Weekly Rushes. Carrie & Debbie, Tarkovsky’s Diaries, Scorsese Talks “Silence”

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NEWS
  • As the remarkably disheartening year of 2016 came to a close, we lost two great figures in the film industry: Debbie Reynolds and Carrie Fisher. Revisiting some of their best films over the holidays has given us new fortitude with which to start 2017.
  • It looks like we’re closer to seeing Terrence Malick’s film centering on the Austin music scene. Previously called Weightless, it’s now officially titled Song of Songs and has a March release date—perhaps premiering at the Berlin Film Festival?
  • And news from another of our favorite impressionists: Claire Denis seems to have pushed back shooting her Robert Pattison-starring sci-fi, High Life, to shoot a small movie starring Juliette Binoche, Gérard Depardieu and Xavier Beauvois, Dark Glasses. Whichever we get first, we simply can’t wait.
  • Near the complete program of the International Film Festival Rotterdam has been announced, including the second year of a lean Tiger Competition (one film competing per day of the festival), a retrospective devoted to Czech director Jan Němec and Taiwanese filmmaker Su Hui-yu, a focus on Palestinian cinema, and more. Meanwhile, speaking of Berlin the initial titles for the Berlinale in February are also trickling in, and include Aki Kaurismäki’s The Other Side of Hope.
RECOMMENDED VIEWING
  • The teaser trailer for James Gray’s Amazonian adventure-melodrama, The Lost City of Z, which premiered at the New York Film Festivals and will hit cinemas in April.
  • We adore the movies of Finnish master of humanist deadpan, Aki Kaurismäki, so the trailer for his latest film, The Other Side of Hope, which premieres next month at the Berlin International Film Festival, is catnip despite lacking English subtitles.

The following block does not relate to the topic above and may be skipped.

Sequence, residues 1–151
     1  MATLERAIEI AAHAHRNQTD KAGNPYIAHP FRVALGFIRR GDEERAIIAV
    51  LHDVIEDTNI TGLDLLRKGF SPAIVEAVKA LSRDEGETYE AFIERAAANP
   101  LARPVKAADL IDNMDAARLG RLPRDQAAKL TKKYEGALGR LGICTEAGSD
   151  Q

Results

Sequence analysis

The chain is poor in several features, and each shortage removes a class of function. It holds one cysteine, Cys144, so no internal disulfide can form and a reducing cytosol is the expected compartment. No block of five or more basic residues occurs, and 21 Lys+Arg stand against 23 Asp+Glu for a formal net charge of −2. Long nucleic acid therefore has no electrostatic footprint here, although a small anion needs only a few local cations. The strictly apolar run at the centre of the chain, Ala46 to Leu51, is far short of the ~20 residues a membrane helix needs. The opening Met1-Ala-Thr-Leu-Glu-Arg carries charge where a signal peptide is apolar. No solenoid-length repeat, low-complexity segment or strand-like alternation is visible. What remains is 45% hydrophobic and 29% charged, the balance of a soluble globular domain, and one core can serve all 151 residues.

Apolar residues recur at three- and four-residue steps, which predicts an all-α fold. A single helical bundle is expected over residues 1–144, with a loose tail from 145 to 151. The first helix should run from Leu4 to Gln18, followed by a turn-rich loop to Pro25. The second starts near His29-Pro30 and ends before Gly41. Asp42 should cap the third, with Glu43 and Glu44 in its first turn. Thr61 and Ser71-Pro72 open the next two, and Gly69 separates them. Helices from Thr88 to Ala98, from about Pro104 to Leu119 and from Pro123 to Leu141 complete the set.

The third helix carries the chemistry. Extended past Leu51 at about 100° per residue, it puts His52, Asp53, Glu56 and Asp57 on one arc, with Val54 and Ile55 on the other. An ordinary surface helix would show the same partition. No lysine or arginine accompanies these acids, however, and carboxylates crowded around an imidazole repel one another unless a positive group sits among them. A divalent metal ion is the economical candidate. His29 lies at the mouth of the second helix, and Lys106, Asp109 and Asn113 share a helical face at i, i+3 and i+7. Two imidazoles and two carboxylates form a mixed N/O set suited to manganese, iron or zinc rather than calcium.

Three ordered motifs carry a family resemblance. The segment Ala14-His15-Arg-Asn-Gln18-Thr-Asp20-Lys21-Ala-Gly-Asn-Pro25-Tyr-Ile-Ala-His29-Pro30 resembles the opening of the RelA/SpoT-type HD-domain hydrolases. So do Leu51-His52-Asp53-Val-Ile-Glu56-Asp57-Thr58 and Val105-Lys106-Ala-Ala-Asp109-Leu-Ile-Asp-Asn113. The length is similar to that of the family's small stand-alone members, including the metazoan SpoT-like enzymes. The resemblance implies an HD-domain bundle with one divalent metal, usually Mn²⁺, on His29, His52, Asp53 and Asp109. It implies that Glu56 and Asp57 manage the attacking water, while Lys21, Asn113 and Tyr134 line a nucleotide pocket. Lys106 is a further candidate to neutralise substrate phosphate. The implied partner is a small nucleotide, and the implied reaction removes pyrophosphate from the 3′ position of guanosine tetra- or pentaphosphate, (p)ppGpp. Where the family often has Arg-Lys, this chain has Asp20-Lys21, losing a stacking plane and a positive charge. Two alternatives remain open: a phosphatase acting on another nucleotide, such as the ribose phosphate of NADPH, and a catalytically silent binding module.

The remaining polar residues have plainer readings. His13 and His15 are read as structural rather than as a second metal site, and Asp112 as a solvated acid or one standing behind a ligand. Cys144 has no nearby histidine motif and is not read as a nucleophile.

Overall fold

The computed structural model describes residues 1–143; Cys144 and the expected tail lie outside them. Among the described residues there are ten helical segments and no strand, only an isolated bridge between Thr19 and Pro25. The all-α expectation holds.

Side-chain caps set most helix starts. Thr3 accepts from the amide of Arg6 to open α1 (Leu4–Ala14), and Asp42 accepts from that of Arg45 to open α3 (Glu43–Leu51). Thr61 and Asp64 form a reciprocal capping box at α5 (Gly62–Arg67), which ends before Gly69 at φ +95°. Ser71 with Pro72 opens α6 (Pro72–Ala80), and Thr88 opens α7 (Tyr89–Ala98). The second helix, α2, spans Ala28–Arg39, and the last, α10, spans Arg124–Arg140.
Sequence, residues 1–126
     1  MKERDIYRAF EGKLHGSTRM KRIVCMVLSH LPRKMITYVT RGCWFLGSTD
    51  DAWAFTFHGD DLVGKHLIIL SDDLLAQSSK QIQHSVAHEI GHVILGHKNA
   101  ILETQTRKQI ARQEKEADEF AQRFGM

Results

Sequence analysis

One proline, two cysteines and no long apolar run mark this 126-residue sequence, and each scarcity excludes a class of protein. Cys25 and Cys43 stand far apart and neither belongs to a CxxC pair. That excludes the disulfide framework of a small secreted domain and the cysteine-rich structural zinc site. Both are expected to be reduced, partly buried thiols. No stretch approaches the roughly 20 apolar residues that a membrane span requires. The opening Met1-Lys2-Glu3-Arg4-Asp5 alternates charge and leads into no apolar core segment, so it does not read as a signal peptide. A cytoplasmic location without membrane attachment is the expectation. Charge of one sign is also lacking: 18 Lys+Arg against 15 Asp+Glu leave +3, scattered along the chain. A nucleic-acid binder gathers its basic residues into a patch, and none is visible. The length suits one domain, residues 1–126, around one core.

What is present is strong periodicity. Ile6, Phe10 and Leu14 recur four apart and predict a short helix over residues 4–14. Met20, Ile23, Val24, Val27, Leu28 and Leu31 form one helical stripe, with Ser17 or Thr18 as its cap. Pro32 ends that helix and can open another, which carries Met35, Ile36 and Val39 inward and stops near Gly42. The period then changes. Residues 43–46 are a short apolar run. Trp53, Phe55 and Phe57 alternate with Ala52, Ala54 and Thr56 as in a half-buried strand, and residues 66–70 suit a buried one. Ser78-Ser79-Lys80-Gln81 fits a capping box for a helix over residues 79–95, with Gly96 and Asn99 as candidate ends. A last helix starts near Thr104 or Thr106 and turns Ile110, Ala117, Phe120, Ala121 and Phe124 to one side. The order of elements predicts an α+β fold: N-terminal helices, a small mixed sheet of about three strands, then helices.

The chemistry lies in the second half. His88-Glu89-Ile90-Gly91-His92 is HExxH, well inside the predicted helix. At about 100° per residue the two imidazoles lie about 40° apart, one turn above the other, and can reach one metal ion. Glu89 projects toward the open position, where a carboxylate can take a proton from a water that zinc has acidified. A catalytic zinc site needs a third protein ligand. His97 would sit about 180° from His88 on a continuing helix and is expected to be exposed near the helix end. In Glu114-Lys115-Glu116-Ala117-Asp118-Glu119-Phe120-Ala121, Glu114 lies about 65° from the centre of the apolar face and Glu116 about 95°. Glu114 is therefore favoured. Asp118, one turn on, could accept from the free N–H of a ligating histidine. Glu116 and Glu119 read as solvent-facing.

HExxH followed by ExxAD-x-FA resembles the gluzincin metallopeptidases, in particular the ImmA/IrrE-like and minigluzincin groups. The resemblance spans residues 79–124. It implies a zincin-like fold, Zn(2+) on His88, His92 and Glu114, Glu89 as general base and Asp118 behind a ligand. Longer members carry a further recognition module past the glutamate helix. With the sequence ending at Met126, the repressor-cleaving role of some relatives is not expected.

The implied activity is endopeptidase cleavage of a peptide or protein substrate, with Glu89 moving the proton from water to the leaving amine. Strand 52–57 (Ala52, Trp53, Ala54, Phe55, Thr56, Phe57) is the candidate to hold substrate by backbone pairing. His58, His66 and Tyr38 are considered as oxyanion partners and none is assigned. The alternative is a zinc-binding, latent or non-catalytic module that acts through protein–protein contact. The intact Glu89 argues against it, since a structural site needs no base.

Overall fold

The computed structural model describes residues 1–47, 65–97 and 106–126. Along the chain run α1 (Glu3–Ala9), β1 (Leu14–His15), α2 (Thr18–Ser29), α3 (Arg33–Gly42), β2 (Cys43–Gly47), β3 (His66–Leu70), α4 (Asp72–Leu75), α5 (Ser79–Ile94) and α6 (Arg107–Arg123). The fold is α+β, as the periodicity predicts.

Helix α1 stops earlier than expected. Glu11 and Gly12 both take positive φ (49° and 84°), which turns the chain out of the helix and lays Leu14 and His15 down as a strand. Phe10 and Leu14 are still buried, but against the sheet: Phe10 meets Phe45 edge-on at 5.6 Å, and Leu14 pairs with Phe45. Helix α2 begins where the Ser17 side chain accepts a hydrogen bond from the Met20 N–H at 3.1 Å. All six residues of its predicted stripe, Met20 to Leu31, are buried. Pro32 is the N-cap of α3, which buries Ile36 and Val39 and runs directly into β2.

RECOMMENDED READING
Solaris
A STORY
Someone is given the opportunity to become happy. He is afraid to use it, because he thinks happiness is impossible, and that only a madman can be happy. Circumstances somehow convince our hero to use the opportunity and—by some sort of miraculous means— to become happy.
And he goes mad. He is drawn into the world of the insane, who may not merely be mad; they are also able to link up with the world by means of threads which are inaccessible to normal people.
Such a big part of the film’s central section is the alignment of the camera with these confined subjective viewpoints.
You know, it’s like a thriller in an elevator, in a sense. Where does one place the camera? How many angles does that space afford you? What’s in the frame? The frame is his face and his figure. He’s not sitting on a chair, he’s always on the floor level, and that creates a certain kind of mood and atmosphere for me. If you watch it again, you’ll see pretty much every cut inside that cell is a different angle or the angle of the lens is on the ground and another part is through the bars. I always go back to Ozu and Bresson, both of whom I admire a great deal.
  • Speaking of new issues of magazines, Cinema Scope #69 is out, with many riches available online, including Roberto Minervini on Trumpland, our own Daniel Kasman interviewing avant-garde maverick Ken Jacobs, Phil Coldiron on Moonlight and Blake Williams talking to Manuela De Laborde, director of one of the very best films of 2016, AS WITHOUT SO WITHIN.
  • Film critic and scholar Molly Haskell talks to Matt Zoller Seitz at RogerEbert.com about a new edition of her classic book, From Reverence to Rape: The Treatment of Women in the Movies:
Where my book actually ran into the most trouble was with the party-line feminists, like Ms. Magazine, which chose not to run an excerpt because of my thesis that women had been better off in movies when the studios ran things. This ran counter to their idea of progress: the belief that women in movies were doing better in the ‘70s. 
Eventually, everybody saw that they weren’t—that they had more roles, and more interesting roles, in older movies.
EXTRAS
  • Designer Akiko Stehrenberger’s poster for Hirokazu Kore-eda’s latest film, After the Storm. We interviewed Stehrenberger, one of our very favorite poster artists, in 2010.
  • From our Tumblr, an illustration of Buster Keaton by Pierre Étaix.

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